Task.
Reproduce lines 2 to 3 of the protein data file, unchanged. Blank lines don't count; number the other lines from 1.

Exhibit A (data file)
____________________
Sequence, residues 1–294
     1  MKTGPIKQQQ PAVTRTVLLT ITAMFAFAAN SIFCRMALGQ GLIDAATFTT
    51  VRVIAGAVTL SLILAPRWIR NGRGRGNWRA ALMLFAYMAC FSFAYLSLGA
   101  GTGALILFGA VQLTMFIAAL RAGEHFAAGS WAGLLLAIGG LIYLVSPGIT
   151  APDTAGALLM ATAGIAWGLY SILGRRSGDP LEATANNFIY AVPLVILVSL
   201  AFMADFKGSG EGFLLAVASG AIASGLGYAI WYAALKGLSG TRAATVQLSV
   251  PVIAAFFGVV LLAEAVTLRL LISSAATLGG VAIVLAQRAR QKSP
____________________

     1  MKTGPIKQQQ PAVTRTVLLT ITAMFAFAAN SIFCRMALGQ GLIDAATFTT
    51  VRVIAGAVTL SLILAPRWIR NGRGRGNWRA ALMLFAYMAC FSFAYLSLGA